March 4, 2014 10:28:20 AM
Scott Walters - firstname.lastname@example.org
CRAWFORD -- Jimmie Williams felt the need to accelerate his son's recruitment.
"We tracked down coach (Kenny) Jackson like a dog,"Jimmie Williams said. "Our first experience was so positive. We wanted it for Justin as well. We are excited it all got worked out."
Justin Williams, a standout football, basketball, and track performer at East Oktibbeha County High School signed his National Letter of Intent to play football at Northeast Mississippi Community College. The signing came less than a month after Northeast coach Ricky Smither added Jackson to his staff as defensive line coach.
Jimmie Williams, Jr., played four years ago for Jackson when he was an assistant coach at Itawamba C.C. Now the second of Jimmie Williams, Sr.'s two sons, Justin, will follow in his older brother's footsteps and play for Jackson in the nation's best junior college football league.
"I am exciting about getting up there and really concentrating on defense because I have always liked giving out the pain," Williams said. "The coaches have been on me to make sure I stay in the books and finish my last semester strong.
"Once I get to Northeast, it is all about working hard in the weight room, working on my weight, and being ready to go when the season gets here."
East Oktibbeha first-year coach John Davis figured out quickly Williams was his premier player. Williams backed up those thoughts by being a leader in the weight room and on the practice field and on game nights.
"He was our go-to guy in every sense of the word," Davis said. "He really enjoyed playing football and he enjoyed playing here. It takes a special person to rise above some of our challenges. Justin responded from the first day."
Mississippi High School Activities Association placed East Oktibbeha County High and West Oktibbeha County High on probation last school year because of underperformance on standardized testing. It appears both school will be consolidated into the Starkville School District. That situation contributed to East Oktibbeha winning only one game in 2013. Still, Williams responded with 895 rushing yards and six touchdowns. On defense, Williams had 105 tackles, including two games with 20 or more.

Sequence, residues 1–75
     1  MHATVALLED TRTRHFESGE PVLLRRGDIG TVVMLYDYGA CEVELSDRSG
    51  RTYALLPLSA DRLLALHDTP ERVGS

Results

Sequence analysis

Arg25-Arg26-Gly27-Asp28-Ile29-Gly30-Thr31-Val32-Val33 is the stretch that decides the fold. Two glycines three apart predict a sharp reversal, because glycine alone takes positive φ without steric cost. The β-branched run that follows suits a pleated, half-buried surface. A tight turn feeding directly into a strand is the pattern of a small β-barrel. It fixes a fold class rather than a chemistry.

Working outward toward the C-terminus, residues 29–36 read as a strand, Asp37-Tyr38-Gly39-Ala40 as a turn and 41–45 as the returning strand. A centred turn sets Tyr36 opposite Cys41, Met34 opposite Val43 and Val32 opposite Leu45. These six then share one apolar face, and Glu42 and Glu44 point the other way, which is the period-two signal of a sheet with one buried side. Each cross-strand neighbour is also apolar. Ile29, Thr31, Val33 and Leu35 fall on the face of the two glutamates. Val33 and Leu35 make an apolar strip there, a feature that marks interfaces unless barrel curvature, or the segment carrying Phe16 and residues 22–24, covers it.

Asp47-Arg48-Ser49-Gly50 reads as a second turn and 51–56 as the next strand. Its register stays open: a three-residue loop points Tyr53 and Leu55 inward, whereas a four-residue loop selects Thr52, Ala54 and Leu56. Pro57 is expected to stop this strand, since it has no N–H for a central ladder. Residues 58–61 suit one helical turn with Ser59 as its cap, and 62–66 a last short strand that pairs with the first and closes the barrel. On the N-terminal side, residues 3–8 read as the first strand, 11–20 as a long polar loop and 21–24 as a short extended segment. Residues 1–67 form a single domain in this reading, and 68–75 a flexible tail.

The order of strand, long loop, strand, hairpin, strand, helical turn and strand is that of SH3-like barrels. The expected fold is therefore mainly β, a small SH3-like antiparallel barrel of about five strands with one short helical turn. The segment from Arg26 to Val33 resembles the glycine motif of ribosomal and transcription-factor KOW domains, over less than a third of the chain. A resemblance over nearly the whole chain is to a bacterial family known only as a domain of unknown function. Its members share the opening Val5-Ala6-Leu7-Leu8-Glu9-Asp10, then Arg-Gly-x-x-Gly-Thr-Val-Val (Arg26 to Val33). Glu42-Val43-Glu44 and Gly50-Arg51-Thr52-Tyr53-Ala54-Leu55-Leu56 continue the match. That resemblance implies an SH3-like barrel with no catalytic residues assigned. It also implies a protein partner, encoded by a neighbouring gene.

"Every team had like two players on him," said Annie Williams, Justin's mother. "I am really proud of what he was able to accomplish. He worked really hard to become a special player."
Williams said his parents instilled that work ethic in him at an early age. It was fostered by watching his brother play on the next level. While others left East Oktibbeha or chose not to play, Williams did the opposite, overcoming the adversity to become a standout.
"Playing here was special," William said."We didn't win as many games as I wanted, but I wouldn't trade anything that happened. It was a special time. I really wish I could play more. But there comes a time when you have to move on and see what you can do."
Davis was fearful Williams would be overlooked since the squad played in rural Oktibbeha County and was limited to an eight-game regular-season schedule due to the sanctions.
"Northeast got a really good one," Davis said. "I think Justin kind of defied the odds. This will be a great opportunity for him. He will be able to get on a weight training program and coach Jackson (his position coach) will get him ready to contribute right away.
"They are getting a player who will listen and who will work hard. Sometimes, when you are the underdog like this, you cherish the opportunity more. I think he can become a special player."
Jimmie Williams, Sr., knew he had a special player on his hands years ago. It was a just a matter of the timing being right for the next opportunity.
Jackson played at Hinds C.C. and later coached eight seasons in the Mississippi Association of Community and Junior College ranks. He played at Ole Miss and in the NFL and in the Arena Football League before he coached for seven seasons at ICC and another at Hinds.
Still, Jackson left coaching after the 2010 season to concentrate on camps and public speaking. In February, Smither called Jackson and asked him to come back to coaching. Williams, Sr. then called Jackson and asked if he could take a chance on his second son.
"It all worked out nicely," Williams Sr. said. "We are all excited."
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Scott is sports copy editor and reporter